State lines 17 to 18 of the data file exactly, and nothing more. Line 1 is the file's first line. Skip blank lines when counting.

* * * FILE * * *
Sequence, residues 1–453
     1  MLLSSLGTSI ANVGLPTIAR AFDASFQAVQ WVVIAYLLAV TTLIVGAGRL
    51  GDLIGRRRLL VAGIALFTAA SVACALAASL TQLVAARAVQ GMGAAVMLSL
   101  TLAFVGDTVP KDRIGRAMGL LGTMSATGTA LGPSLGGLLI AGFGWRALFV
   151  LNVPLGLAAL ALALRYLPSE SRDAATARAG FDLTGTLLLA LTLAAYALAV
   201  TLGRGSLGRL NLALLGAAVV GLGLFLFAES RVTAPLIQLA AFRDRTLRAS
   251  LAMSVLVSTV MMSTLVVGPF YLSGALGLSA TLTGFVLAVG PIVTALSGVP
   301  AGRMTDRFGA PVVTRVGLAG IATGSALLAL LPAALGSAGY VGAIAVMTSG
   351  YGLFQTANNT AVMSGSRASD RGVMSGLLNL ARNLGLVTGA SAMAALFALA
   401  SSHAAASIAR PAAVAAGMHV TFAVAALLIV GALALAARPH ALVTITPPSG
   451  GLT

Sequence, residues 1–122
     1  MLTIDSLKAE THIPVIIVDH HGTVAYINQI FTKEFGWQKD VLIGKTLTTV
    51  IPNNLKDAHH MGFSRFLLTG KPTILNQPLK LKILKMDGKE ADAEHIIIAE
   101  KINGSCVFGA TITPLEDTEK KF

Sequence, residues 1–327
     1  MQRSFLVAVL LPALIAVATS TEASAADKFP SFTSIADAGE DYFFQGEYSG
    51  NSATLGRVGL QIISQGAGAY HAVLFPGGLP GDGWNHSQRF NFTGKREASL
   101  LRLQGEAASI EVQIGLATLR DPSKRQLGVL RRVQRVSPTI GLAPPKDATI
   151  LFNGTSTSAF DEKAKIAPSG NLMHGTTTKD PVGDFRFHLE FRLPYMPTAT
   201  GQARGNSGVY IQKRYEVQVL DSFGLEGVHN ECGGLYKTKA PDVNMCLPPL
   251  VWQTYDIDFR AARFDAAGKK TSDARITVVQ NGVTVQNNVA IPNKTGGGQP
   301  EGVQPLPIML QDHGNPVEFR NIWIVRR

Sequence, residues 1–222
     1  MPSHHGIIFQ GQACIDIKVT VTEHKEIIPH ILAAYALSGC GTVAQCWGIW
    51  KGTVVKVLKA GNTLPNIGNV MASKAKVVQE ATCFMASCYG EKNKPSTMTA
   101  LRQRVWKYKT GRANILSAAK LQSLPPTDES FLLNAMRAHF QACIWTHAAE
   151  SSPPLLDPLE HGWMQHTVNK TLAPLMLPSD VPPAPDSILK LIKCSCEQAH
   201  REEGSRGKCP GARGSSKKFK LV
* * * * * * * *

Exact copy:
     1  MQRSFLVAVL LPALIAVATS TEASAADKFP SFTSIADAGE DYFFQGEYSG
    51  NSATLGRVGL QIISQGAGAY HAVLFPGGLP GDGWNHSQRF NFTGKREASL